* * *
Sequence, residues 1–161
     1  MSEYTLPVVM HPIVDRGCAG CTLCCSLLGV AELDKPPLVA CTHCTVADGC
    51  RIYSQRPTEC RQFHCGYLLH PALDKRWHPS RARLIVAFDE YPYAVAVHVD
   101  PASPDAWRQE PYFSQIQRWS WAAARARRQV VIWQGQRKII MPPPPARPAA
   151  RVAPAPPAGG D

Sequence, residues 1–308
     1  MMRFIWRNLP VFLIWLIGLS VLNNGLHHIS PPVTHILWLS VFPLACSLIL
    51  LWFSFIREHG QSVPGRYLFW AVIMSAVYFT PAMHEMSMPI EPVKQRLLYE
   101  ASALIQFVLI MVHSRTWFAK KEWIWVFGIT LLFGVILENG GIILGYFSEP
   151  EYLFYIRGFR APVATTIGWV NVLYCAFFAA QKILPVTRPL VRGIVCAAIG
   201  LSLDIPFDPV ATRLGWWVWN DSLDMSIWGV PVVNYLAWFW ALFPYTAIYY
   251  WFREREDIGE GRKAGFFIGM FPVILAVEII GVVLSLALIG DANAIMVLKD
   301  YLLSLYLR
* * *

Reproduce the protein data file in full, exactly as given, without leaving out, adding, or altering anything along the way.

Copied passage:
Sequence, residues 1–161
     1  MSEYTLPVVM HPIVDRGCAG CTLCCSLLGV AELDKPPLVA CTHCTVADGC
    51  RIYSQRPTEC RQFHCGYLLH PALDKRWHPS RARLIVAFDE YPYAVAVHVD
   101  PASPDAWRQE PYFSQIQRWS WAAARARRQV VIWQGQRKII MPPPPARPAA
   151  RVAPAPPAGG D

Sequence, residues 1–308
     1  MMRFIWRNLP VFLIWLIGLS VLNNGLHHIS PPVTHILWLS VFPLACSLIL
    51  LWFSFIREHG QSVPGRYLFW AVIMSAVYFT PAMHEMSMPI EPVKQRLLYE
   101  ASALIQFVLI MVHSRTWFAK KEWIWVFGIT LLFGVILENG GIILGYFSEP
   151  EYLFYIRGFR APVATTIGWV NVLYCAFFAA QKILPVTRPL VRGIVCAAIG
   201  LSLDIPFDPV ATRLGWWVWN DSLDMSIWGV PVVNYLAWFW ALFPYTAIYY
   251  WFREREDIGE GRKAGFFIGM FPVILAVEII GVVLSLALIG DANAIMVLKD
   301  YLLSLYLR